Regarding leadership, Prof. Hudson says that a common idea people have is of the 'charismatic leader making fine speeches, exhorting the workforce to move forward while always finishing with, "And be safe." However, this approach leaves a lot to be desired especially when we know who will be blamed if there is an incident.


Another approach to leadership is transactional where all agree about what the workforce has to do, in order to avoid accidents. In this case, we still know who will be blamed when there is one and it's not usually the managers who lead by setting tasks and targets for others.

A better style, according to Mr. Hudson, is the transformational where leaders work to engage people and create consciousness for safety, often by appealing to their better selves and using emotionally-loaded examples to get the message home. Blame is not such an issue with transformational leaders, but the results of such appeal is often to improve the safety climate and the workforce's perception of the leader, and not necessarily to actually make them work more safely.

So examining what leaders actually do and why people want to follow them, Patrick Hudson mentions that the majority of people believe that leaders know what they want and they can be trusted. What is more, real leaders have to know what their followers need, and especially what is appropriate for them at that particular moment and specific conditions.

Nonetheless, he adds that there is a big difference between the standard notion of leadership, outside of the safety arena, and what we can call safety leadership. Namely, despite the fact that we can usually recognise leaders and followers in safety, everyone can have a clear idea of what it means to be safe and act upon it in public. So it becomes clear that anyone can lead, as well as everyone can follow in safety. Managers lead workers but workers can also lead their managers and their colleagues by setting their example.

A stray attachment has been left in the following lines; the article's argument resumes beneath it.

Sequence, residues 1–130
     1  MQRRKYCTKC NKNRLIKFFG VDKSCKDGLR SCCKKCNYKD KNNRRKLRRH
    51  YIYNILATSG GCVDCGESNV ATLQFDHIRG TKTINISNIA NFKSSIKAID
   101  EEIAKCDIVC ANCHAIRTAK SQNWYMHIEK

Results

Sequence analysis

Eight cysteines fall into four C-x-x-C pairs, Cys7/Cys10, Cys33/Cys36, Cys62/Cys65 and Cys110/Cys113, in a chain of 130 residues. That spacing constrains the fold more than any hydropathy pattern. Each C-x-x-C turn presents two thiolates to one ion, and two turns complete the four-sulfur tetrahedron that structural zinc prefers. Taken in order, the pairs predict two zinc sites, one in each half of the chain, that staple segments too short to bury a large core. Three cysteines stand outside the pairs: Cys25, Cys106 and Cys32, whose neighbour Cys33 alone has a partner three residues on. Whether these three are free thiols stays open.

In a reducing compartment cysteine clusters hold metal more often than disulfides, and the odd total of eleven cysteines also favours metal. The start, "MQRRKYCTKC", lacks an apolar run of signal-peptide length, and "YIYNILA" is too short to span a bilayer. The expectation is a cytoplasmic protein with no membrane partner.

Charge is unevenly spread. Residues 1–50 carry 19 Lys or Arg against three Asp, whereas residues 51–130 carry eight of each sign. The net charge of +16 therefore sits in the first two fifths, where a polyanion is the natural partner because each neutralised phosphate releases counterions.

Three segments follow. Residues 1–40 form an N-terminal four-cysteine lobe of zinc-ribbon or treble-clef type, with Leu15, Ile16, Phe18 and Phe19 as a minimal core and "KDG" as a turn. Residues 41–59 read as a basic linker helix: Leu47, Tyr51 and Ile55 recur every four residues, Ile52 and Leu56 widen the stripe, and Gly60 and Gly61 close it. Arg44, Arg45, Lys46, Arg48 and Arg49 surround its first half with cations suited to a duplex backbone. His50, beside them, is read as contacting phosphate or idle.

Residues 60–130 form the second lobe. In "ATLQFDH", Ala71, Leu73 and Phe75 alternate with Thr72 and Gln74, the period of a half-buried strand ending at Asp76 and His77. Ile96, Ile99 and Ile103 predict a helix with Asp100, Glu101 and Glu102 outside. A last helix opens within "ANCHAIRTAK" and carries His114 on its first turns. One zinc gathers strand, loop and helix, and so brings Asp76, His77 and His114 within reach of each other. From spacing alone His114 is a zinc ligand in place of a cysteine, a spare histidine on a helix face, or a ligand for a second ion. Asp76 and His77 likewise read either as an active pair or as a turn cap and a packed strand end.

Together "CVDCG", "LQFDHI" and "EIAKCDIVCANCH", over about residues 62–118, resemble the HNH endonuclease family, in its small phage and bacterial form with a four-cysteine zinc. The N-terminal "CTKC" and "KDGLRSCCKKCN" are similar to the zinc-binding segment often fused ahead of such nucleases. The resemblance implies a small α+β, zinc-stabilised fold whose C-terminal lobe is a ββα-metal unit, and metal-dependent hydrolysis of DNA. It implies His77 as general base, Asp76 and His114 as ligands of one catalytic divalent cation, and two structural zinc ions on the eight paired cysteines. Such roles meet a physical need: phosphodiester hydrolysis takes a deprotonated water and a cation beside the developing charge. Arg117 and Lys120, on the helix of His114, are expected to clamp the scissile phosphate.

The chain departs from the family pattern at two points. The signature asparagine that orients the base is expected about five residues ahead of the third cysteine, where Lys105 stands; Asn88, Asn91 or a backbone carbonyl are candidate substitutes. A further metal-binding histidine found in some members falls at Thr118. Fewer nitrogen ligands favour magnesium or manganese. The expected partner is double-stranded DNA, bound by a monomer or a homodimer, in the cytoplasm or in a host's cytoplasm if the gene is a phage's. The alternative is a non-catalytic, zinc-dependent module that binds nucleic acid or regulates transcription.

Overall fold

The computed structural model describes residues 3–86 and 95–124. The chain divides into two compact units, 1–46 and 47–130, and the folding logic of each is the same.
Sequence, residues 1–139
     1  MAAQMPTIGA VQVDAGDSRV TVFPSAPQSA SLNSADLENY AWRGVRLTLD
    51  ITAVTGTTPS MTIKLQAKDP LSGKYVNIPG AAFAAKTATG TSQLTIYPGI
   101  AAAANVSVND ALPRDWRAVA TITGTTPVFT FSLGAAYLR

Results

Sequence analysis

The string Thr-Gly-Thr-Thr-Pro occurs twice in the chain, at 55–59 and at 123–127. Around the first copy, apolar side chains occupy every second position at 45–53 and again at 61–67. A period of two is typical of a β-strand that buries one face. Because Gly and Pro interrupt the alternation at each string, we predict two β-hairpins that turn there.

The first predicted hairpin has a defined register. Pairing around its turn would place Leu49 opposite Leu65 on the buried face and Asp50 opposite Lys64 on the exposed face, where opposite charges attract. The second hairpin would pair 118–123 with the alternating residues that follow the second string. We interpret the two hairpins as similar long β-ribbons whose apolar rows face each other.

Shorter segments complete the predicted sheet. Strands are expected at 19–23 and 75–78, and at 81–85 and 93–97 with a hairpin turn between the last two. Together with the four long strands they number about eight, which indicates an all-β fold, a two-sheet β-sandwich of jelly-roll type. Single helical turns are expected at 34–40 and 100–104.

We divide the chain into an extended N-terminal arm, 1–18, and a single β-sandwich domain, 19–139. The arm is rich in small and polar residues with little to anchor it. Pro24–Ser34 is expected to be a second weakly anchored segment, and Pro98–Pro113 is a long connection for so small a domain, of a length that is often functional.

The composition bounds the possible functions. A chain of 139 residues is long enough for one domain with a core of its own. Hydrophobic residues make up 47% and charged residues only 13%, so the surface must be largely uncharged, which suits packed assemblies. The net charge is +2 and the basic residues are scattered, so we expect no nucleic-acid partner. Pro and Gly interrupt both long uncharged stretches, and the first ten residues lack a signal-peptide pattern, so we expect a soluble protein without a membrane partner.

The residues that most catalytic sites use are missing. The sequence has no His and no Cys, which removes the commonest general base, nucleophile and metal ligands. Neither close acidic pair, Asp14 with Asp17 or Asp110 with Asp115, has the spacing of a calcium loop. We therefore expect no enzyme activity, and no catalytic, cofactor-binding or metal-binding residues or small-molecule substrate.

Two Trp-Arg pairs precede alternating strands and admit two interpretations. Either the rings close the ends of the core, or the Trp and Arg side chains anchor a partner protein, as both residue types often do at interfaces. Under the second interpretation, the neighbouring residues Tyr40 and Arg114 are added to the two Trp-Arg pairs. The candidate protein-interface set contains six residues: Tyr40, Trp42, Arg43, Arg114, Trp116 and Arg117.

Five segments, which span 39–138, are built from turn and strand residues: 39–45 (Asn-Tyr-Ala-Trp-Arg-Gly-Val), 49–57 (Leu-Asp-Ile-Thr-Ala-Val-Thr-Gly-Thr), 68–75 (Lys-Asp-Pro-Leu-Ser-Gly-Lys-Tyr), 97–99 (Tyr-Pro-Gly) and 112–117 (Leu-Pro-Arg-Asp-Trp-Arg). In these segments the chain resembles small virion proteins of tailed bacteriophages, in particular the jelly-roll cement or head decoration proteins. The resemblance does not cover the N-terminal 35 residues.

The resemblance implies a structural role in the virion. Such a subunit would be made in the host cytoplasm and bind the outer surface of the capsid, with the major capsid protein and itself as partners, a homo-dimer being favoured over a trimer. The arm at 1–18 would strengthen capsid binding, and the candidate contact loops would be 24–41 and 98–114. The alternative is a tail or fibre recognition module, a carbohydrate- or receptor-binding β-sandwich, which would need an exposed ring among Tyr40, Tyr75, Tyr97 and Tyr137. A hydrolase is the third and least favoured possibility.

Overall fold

What I've learnt about leadership and safety leadership in particular, is that it is not just about the style but more about the substance. The most glaring gap, the bit people find hardest to do is substance. What do we, as individuals, and as an organisation - actually mean by safety? This really has to be a lot more than just the emotional call to be safe. If you have that articulated idea in your head then you can create the clear vision, you know what you want and you can communicate it much more easily

Patrick Hudson states.

In addition, most organisations are facing problems in safety. In order to excel in this sector they need a roadmap. This is what the safety culture ladder offers, a structure to help decide:

  • Where you are now;
  • Where you want to go to;
  • Support the process of getting there.

This ladder consists of 5 stages. Namely:

  1. Pathological: Who cares as long as we are not caught;
  2. Reactive: Safety is important, we do a lot every time we have an accident;
  3. Calculative: We have systems in place to manage all hazards;
  4. Proactive: Safety leadership and values drive effective improvement;
  5. Generative: High Reliability Orgs is how we do business.

In order for a company to go up the ladder, Mr. Hudson found out that many organisations, not only did they think they were higher up the ladder than he suspected them to be, but when challenged they would say, 'But we have this in place and that in place'. After that he realised that they thought having things like reporting systems or communication strategies in place, was going to be enough.

He also became aware that actually putting safety practices into operation was a distinctly new challenge that will be characteristic of having the management system actually running.